A riveting, revelatory, and moving account of the author’s struggles with anxiety, and of the history of efforts by scientists, philosophers, and writers to understand the condition
The Bottom Line
An unfiltered account of what it means to suffer from acute anxiety — including the science behind it, the many types of treatment, and an acknowledgment that while there might not be a cure, we can manage our fears.
Scott Stossel, editor of The Atlantic, has been worried since he was a child. Starting at the age of 2, he’s suffered from a debilitating fear of flying, vomiting, public speaking, separation, and all manner of everyday challenges most people put up with without much complaint. But his anxiety is extreme, putting him through decades of therapy and convincing him to try countless drugs — without much improvement.
Despite the tenacity of his ordeal, he attended Harvard, excelled as a journalist and became the top editor at The Atlantic, and still he was beset by crippling nerves. So he decided to examine his disorder with a reporter’s eye — digging into the biological, cultural and environmental roots of the affliction. In addition to candidly describing details of his lifelong struggle, Stossel also shares the perspectives of his psychiatrists and his great-grandfather, a longtime dean of Harvard who retired early and spent his remaining years plagued by anxiety, leaving behind a trail of medical records.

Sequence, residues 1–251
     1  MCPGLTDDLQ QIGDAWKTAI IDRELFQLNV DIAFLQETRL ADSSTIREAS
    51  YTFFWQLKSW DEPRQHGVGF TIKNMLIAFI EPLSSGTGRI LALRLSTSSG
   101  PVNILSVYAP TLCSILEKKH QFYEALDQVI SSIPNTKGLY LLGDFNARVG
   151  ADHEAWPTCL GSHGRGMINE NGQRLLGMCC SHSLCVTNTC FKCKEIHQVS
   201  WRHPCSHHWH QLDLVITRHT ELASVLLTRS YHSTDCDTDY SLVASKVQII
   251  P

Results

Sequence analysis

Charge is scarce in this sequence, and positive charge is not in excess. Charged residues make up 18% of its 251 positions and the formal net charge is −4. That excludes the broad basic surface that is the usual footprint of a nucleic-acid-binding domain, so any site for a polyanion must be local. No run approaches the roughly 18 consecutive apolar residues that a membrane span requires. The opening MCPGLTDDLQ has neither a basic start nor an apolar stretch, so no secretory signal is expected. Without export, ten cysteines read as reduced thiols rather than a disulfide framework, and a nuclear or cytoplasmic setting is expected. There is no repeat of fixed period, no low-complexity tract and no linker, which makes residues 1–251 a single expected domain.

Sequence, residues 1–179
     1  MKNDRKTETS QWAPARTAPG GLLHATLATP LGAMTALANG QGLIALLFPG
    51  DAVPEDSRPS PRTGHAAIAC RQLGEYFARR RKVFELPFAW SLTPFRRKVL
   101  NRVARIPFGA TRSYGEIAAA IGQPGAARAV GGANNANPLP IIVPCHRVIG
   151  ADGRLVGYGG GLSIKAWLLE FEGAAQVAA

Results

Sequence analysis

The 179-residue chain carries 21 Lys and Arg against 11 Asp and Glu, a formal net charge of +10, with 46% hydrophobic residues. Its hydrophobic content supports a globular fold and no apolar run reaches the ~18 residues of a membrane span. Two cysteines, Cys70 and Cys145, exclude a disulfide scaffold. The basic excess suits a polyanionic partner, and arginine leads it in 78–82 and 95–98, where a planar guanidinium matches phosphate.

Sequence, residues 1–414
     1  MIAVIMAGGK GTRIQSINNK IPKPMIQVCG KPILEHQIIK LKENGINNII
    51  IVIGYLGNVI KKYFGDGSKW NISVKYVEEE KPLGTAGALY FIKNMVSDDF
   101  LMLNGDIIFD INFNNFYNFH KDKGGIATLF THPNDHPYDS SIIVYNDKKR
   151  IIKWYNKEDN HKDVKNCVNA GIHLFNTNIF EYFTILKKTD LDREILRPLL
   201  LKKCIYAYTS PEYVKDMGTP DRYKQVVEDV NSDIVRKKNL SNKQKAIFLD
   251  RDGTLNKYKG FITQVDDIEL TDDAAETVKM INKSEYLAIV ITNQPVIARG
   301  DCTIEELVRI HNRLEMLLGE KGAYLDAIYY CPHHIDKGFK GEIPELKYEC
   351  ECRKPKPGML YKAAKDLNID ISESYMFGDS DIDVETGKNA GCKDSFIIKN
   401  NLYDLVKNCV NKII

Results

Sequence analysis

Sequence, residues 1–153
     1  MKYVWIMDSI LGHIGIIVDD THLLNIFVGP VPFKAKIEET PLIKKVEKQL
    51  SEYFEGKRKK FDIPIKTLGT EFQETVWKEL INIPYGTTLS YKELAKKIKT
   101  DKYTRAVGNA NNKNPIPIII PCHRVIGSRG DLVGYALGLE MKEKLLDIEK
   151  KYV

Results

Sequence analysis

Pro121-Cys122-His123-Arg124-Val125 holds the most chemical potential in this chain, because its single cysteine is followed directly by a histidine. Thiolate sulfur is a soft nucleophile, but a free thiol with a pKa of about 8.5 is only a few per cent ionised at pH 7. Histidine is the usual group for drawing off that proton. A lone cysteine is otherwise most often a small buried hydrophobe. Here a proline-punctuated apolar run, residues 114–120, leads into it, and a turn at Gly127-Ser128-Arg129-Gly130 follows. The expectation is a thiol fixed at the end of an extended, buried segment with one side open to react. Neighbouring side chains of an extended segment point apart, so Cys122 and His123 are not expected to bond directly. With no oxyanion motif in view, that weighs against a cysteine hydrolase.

This 2013 bestseller is not heavy on the self-help but contains actionable information and contextualizes many ideas about anxiety and depression — while also helping anyone to better understand a loved one who suffers from the affliction.
II. An Elusive Definition
III. A Condition That Feeds on Itself
IV. Parenting in the Age of Anxiety
V. A Product of the Times—Or Not
VI. The Goldilocks Syndrome
VII. No Easy Fix
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